The TY lives again!

The mystery electrical problem goes on its summer hols

Weeks of head scratching have taken place while the TY gathers dust. Consultation with an expert in the field of jun- er, classic bikes and a bit of
diagnostic work revealed a distinct lack of spark.

A vote of the TY owners’ syndicate resulted in a resolution to get hold of a flywheel puller. JK Hirst supplied a new condenser, coil and HT lead (on the basis that they were cheap), which finally arrived after a couple weeks’ delay – neatly timed to coincide with Nick’s return from sunny Bloomfontein.

First on the list were the TY’s forks, never its strong point, which had developed a very distinct leak on the right-hand side after the first sessions of abuse around the farm. Draining the left hand fork produced a mucky black mixture. This seemed fairly unpleasant until the right fork was tapped, producing a copious rust-brown effluent.

After much struggle, the forks were disassembled, degreased, cleaned and covered (intentionally and unintentionally) in oils of many weights. We even managed to get them back together again, and in the right order. 15w fork oil and some new fork seals got some additional protection from tasteful black fork gaiters. At the very least, the oil should stay inside the gaiters and not run down into the front brake! We also made the saluotry discovery that our mudguard was not bent, but rather whichever previous owner put the front wheel back on last had put the spacers on incorrectly. So now the TY has a front wheel in line with the rest of the bike, putting an end to its budding career as a Daytona 1200 impersonator.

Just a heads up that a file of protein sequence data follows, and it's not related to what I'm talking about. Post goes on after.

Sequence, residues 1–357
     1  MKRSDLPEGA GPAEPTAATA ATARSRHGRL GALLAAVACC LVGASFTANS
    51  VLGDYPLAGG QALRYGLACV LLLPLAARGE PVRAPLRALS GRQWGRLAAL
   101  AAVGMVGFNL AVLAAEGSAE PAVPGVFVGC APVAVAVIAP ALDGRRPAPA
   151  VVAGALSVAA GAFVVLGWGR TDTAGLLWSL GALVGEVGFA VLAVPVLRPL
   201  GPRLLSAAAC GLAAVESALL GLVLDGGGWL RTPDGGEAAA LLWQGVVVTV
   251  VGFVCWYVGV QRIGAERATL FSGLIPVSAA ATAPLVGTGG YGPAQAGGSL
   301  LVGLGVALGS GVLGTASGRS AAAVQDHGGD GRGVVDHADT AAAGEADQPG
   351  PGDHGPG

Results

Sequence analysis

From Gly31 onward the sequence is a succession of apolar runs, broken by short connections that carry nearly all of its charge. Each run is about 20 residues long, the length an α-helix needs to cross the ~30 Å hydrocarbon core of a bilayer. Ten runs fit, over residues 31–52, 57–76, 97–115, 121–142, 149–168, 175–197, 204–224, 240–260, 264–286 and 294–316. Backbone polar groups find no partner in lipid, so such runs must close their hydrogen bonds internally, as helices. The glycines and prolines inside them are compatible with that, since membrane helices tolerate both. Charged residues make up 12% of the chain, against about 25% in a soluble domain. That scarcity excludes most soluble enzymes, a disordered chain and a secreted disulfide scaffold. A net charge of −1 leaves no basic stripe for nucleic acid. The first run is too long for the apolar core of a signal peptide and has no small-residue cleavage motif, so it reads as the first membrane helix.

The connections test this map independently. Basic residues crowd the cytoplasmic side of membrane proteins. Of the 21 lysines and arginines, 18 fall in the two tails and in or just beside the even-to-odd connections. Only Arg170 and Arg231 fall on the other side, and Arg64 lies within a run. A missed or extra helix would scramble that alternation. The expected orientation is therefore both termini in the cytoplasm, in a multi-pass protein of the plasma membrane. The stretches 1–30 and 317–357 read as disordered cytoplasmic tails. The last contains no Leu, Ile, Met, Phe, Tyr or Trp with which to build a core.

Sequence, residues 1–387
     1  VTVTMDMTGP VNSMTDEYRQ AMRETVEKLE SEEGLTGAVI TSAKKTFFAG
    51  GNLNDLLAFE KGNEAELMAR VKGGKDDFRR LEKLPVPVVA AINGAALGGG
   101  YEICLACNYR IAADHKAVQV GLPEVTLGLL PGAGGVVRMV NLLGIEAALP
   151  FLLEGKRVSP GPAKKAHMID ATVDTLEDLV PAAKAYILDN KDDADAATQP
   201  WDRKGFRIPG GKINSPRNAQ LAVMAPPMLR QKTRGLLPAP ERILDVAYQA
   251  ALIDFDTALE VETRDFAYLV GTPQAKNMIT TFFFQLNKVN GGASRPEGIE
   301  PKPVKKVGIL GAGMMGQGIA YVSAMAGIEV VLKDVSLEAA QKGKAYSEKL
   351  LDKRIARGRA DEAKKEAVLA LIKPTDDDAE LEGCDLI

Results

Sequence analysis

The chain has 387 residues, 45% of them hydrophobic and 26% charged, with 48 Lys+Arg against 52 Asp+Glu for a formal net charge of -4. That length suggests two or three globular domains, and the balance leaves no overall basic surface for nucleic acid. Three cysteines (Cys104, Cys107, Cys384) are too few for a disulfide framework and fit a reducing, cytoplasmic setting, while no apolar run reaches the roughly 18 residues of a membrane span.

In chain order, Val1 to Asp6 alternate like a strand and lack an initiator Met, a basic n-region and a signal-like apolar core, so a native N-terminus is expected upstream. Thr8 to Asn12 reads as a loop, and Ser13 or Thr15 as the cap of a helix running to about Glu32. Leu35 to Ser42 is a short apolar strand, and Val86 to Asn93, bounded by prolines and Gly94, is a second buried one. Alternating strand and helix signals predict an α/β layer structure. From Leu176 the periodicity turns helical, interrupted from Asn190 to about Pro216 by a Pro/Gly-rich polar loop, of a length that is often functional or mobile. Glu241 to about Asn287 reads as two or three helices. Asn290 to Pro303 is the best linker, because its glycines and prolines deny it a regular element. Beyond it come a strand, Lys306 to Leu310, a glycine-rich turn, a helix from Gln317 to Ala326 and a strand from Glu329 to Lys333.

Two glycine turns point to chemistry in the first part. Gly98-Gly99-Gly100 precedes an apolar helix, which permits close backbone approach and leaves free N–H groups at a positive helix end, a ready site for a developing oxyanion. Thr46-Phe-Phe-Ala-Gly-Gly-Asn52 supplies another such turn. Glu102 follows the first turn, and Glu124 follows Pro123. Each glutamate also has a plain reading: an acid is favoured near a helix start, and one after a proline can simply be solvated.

With the easy bit done, we settled down with our flywheel puller and an assortment of old TY workshop manuals to diagnose the mystery electrical problem. Which is to say, Nick sat down, while I stood and kicked. Initial analysis suggested that the condenser was toast, making the replacement an inspired purchase. After struggles with solder and knives, however, no improvement was evident at the plug. The coil and lead were changed, again producing no improvement. In desperation, the magneto’s coils were removed, cleaned, inspected and replaced. A desultory kick was attempted, eliciting (to our surprise) as healthy a spark as 6v electrics were ever likely to produce. After the usual ceremonial dousing of the crankcase with premix and swearing, the TY fired first kick and was soon thrumming away happily to itself.

A short test ride and some mild leaping from highish things showed substantially improved damping from the forks. Whatever magic had been worked by Nick on the electrics produced substantially improved tickover and bottom-end response, and turns became tighter and wheelies easier than ever. We’re both looking forward to actually getting the TY in a trial!

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